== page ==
February 11 2022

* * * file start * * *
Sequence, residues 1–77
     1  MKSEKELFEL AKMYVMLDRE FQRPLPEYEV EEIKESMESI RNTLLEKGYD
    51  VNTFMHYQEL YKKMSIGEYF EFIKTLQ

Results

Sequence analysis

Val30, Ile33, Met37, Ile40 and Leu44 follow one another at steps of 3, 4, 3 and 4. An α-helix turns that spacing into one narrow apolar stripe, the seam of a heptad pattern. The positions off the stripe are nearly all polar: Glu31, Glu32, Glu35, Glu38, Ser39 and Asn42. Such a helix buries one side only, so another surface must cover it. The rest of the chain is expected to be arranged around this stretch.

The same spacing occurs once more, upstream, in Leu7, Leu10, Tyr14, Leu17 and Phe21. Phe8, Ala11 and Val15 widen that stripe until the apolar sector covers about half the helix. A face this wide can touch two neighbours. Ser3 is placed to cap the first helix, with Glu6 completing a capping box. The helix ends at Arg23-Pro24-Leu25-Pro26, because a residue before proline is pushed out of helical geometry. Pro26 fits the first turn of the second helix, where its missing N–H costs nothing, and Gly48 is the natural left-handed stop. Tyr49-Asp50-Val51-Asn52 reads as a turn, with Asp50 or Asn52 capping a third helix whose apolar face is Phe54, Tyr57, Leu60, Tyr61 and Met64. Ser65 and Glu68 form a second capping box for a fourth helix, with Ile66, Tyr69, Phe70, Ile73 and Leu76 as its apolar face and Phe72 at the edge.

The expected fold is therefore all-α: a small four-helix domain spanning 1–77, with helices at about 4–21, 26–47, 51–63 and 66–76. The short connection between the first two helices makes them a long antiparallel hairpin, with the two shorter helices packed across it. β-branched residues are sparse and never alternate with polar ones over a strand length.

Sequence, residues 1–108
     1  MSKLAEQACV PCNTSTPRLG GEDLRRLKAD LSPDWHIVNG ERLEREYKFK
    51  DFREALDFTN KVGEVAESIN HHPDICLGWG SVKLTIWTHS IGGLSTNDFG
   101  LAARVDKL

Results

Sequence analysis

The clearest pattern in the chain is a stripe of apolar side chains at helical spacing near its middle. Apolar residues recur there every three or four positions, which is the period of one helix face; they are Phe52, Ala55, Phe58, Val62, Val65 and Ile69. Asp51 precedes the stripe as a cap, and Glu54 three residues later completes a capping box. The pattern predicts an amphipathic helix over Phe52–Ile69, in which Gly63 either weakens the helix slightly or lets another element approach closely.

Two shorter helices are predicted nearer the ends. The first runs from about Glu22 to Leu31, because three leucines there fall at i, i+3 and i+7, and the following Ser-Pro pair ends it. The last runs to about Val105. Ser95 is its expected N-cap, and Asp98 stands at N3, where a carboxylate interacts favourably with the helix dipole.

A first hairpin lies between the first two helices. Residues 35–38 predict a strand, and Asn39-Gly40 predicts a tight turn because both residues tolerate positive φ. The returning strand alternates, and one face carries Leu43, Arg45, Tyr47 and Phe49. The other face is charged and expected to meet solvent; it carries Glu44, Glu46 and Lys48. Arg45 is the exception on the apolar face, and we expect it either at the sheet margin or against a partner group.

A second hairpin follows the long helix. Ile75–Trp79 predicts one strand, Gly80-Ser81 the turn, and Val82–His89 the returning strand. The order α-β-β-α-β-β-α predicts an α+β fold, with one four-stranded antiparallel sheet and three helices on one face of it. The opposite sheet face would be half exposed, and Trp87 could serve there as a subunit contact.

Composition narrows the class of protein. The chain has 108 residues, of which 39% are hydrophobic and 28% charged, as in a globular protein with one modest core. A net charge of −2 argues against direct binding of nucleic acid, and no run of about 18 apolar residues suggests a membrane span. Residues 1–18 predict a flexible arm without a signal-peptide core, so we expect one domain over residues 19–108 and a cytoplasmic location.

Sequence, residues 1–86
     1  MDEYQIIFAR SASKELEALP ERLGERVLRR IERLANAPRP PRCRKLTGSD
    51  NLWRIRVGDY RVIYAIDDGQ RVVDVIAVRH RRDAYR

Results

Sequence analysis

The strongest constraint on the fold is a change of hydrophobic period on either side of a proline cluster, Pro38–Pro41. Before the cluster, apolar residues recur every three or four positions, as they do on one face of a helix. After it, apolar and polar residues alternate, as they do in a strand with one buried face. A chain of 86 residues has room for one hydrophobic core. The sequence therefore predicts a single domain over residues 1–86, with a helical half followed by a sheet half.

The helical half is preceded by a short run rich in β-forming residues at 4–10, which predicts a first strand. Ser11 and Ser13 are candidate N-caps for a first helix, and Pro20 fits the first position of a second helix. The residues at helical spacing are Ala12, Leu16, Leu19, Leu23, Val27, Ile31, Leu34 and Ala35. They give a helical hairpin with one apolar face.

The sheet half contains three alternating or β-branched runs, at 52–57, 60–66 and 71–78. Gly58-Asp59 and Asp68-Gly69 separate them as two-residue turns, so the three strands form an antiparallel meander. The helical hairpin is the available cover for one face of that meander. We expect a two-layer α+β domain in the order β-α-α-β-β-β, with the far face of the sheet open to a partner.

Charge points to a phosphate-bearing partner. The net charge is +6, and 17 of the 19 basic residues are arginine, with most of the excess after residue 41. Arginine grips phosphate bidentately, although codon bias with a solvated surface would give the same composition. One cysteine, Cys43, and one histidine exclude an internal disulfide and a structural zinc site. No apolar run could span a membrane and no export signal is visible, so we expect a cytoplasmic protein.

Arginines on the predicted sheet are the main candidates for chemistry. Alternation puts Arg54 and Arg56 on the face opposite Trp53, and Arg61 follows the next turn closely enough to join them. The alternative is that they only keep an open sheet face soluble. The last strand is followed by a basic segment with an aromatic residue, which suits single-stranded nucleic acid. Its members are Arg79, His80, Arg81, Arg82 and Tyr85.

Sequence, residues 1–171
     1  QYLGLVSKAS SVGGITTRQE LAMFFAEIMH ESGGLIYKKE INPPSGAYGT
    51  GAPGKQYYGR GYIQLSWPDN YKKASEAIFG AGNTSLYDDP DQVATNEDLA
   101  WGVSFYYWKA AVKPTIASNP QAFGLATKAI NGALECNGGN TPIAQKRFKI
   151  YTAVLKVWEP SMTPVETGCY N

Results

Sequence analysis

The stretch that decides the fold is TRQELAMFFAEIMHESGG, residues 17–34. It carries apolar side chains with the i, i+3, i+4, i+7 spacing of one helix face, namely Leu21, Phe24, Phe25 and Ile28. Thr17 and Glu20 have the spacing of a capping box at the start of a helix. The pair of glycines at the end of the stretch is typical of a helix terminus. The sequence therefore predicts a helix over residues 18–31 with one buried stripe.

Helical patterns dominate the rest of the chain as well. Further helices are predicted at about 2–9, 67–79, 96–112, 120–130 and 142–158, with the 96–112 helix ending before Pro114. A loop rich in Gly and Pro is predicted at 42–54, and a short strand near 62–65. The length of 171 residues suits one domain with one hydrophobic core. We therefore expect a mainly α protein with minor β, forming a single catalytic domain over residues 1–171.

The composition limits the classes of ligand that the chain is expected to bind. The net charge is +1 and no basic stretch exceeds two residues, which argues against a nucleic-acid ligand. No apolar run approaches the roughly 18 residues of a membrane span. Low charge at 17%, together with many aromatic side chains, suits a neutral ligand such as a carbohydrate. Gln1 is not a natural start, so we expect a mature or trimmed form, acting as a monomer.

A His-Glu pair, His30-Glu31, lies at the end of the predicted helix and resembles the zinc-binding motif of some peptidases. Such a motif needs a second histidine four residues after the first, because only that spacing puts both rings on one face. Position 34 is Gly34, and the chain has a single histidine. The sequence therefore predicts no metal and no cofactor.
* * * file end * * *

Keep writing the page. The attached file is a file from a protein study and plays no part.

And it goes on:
Inflation again took centre stage on Thursday as the US released their latest figures. Headline CPI came out at a rather eye-watering 7.5%, the highest reading since February 1982 and above market consensus of 7.2%. Core CPI, which excludes the more volatile food and energy costs, came out at 6%. Key drivers behind the rise in headline inflation were the continued rise in energy costs, labour shortages and supply disruptions.Whilst these figures are eye catching in their own right other commentators still question how relevant this figure is to the general public. Whilst there may be some prices which have fallen during the period, Crescat Capital point to the price rises we have seen in certain goods and services over the last 12 months. Coffee up 92%, natural gas up 81%, used cars up 45%, US residential housing rents up 13%. Is the 7.5% figure relevant to the working person on the street? Research from Topdown Charts and Refinitiv Datastream shows that almost 90% of countries have produce price inflation in excess of 5% whilst over 50% have consumer price inflation running above the same level. As a consequence of the higher inflation print some are changing their predictions for rate hikes in the US. Goldman Sachs economists, led by Jan Hatzius, now forecast seven hikes this year, lifting rates by 0.25% at each of their remaining meetings this year. James Bullard, meanwhile, member of the FOMC, went on record saying that he supports raising interest rates by 1% by the start of July. This would need to include a 0.5% hike at one of the meetings. Bond yields continue to rise on the back of increasing rate expectations. The US 10 year Treasury yield has eclipsed the 2% level whilst the 2 year yield is now at 1.57% as the yield curve continues to flatten. This flattening of the yield curve however should not be seen as being abnormal and in fact has happened in each of the last eight occasions when the Fed has commenced policy normalisation. As a consequence of bond yields moving higher, we are seeing a sharp fall in the value of global bonds which are negative yielding. This figure is now sub $5 trillion and whilst still a high number it is some way lower than the $18 trillion which we saw at the end of 2020/beginning of 2021. It is not just the fixed income market which higher inflation impacts. In January we saw a strong rotation from growth to value stocks and at an index level the S&P 500 now has the most negative real earnings yield we have seen since the 1950’s. Finally, although very much a lagging indicator now, UK GDP for Q4 is estimated to have increased by 1% in the 4th quarter of 2021 according to preliminary estimates, with household consumption making the largest contribution. The economy grew 7.5% in 2021, a somewhat different picture to the 9.4% fall that we saw in 2020.
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